PTM produces a tree based on a global search of tree space guided by a partitioned based representation of all possible solutions. Although much more time is expended in producing this tree, results show that the tree produced is of better quality than a tree found using stepwise maximum parsimony followed by an equal amount of time spent in a TBR search. The exploratory nature of the PTM search greatly reduces the need for multiple searches, as PTM produces excellent starting trees. This in turn reduces the overall search time, as duplicate searches are not needed. Overall, a search started with a PTM produced tree finds better solutions in less time.

Methods

Partial Tree Mixing (PTM) is intended to initialize a search through a data set with a large number of taxa. A concern with current methods is that they take ^{2}) steps before any searching can occur. When ^{2}) steps before handing over an initial tree to a TBR-based search, it is able to begin global searching after only

Overview of partial tree mixing

Partial Tree Mixing is a divide and conquer strategy for building an initial search tree. A primary goal of PTM is to use partial trees (see Definition 6.2), containing only a subset of the taxa to search tree space. By keeping the number of taxa small, PTM is able to search faster than traditional methods.

Unlike previous methods, PTM is not a greedy heuristic. Although it employes heuristic techniques, PTM uses a representation of the global search space to insure that a large portion of the space is explored. This global representation is based on considering trees as collections of bipartitions

The PTM method is based on the idea that an unresolved tree is an approximation of all the resolutions (see Definition 6.3) of that tree. This is a reasonable assumption as the unresolved tree contains the information which is common to all of its resolutions. The quality of the approximation depends on the degree of resolution of the unresolved tree. The fully unresolved tree contains no information about any of its resolutions, while the fully resolved tree contains perfect information about its resolution. However, while the quality of the approximation increases as the degree of resolution increases the number trees which are represented by the approximation decreases. PTM leaves the size of partial trees, and therefore the degree of resolution, to the user. Section 2.1 discusses the effects of varying this parameter. The region of the global tree space which contains all of these resolutions is the image (see Definition 6.6) of the unresolved tree.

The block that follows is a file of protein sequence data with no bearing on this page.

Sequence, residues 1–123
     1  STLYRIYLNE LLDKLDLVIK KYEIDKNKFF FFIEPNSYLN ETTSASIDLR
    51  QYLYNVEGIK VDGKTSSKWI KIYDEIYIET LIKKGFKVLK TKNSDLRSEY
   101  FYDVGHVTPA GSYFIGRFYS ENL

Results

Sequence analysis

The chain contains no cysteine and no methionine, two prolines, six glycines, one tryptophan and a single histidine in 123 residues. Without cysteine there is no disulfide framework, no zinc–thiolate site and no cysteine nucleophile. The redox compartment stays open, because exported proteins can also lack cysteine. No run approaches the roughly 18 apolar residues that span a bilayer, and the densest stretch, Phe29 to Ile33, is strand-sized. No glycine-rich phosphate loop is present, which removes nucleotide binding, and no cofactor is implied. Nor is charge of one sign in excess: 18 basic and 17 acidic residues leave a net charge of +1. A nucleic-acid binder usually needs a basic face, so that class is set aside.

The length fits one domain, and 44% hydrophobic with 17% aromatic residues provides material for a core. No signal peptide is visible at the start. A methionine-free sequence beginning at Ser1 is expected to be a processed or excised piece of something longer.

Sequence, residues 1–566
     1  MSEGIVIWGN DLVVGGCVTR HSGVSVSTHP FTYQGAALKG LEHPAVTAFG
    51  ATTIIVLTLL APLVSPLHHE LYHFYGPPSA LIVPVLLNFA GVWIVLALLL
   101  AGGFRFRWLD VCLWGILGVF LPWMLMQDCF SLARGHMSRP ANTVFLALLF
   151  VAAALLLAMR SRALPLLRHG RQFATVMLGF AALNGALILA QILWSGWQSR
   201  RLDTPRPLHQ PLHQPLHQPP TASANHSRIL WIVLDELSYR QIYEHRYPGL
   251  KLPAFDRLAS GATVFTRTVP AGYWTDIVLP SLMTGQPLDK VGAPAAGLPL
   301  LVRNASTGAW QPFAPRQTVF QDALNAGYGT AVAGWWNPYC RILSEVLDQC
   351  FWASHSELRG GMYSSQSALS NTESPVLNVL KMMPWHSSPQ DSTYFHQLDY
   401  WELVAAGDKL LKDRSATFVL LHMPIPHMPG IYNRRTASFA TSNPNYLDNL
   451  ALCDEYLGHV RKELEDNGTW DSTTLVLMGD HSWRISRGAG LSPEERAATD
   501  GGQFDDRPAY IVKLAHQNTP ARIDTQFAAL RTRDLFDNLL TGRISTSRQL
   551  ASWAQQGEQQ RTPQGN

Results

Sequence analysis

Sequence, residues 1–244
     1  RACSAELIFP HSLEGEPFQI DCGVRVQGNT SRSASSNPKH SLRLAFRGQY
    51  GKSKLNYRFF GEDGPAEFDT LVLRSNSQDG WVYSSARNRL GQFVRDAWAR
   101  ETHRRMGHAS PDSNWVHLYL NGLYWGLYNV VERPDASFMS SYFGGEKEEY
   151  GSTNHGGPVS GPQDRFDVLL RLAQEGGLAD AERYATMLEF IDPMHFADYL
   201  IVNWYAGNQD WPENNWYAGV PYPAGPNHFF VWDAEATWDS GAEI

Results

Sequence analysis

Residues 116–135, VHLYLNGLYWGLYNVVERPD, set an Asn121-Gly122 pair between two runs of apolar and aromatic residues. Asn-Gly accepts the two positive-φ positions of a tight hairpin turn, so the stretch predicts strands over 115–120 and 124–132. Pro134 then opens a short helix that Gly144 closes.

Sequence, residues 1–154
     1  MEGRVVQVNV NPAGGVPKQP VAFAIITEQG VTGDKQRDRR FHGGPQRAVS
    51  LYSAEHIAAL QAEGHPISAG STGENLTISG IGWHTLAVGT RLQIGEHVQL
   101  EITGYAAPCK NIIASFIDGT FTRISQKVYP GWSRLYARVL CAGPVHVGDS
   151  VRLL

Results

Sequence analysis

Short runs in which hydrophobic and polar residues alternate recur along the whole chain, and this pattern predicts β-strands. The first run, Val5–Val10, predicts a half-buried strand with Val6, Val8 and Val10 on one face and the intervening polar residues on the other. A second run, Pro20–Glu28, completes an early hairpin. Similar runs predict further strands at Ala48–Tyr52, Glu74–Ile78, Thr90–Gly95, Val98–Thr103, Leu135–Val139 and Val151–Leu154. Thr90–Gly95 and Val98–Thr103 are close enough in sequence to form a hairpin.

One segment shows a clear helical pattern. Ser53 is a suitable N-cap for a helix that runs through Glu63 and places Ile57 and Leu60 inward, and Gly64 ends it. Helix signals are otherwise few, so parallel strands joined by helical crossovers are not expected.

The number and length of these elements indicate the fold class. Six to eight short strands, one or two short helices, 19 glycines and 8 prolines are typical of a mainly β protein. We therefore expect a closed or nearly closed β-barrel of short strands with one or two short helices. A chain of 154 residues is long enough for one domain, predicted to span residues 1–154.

During tree mixing, unresolved trees are chosen which have images covering new portions of tree space. As the partial trees are kept small, many of these exploratory searches can be accomplished in a small amount of time. Although this exploratory effort is important to the success of PTM, the partial trees are constrained to only consider improvements throughout the process.

Figure

A brief overview of the PTM algorithm

**A brief overview of the PTM algorithm**. A brief overview of the PTM algorithm. In the first phase the taxa are sorted and grouped into small disjoint sets. A stepwise maximum parsimony tree is built from each of these sets. In the second phase these trees are repeatedly joined, refined, and divided. The division of trees is identical to the tree bisection portion of the TBR algorithm. Likewise, the joining of these trees is identical to the tree reconnection portion of TBR. For this joining to work, it is essential that no taxa is represented twice. To insure this, during a PTM search all leaves on all partial trees are uniquely labeled. In the final phase no division occurs. Thus, the trees continue to grow in size until a tree containing all of the taxa is produced.

Algorithm

The PTM algorithm consists of three phases described in detail below. First, a set of initial partial trees is built. Next, these trees are mixed to improve their quality. Then a final complete tree is built using these partial trees. Once this tree is built it can be further refined using traditional methods.

Initial partial trees

To begin the PTM algorithm the taxa are first divided into small disjoint subsets. An effort is made to place similar taxa into the same subset. This is done by computing a pairwise distance between an arbitrary taxon and all others. As taxa are usually given as DNA character sequences this distance is an edit distance between the two sequences. The taxa are then placed into a priority queue using this distance. Next the taxa are drawn off this queue in nearly even groups of 50-100 taxa. This ^{2})

Tree mixing

Once PTM has a set of disjoint locally optimal partial trees, the search progresses via tree mixing. In this process two partial trees are joined to form a new partial tree. This tree is refined with TBR to find a local minima. The optimized partial tree is then divided again into two new partial trees. These trees in turn join with others. This both keeps the size of each tree small, so that TBR is effective, and allows information to spread through the system.

Partial trees never join with their siblings from the previous division as this results in no progress. Beyond this constraint, they are free to join with any other partial tree. Partial trees remember where the tree they split from was located, and seek partners to join with that will place the new combined tree as far from the old combined tree as possible. The purpose of this preference is as a heuristic method to cover as much of the hypersphere of trees as possible with the images of the larger partial trees.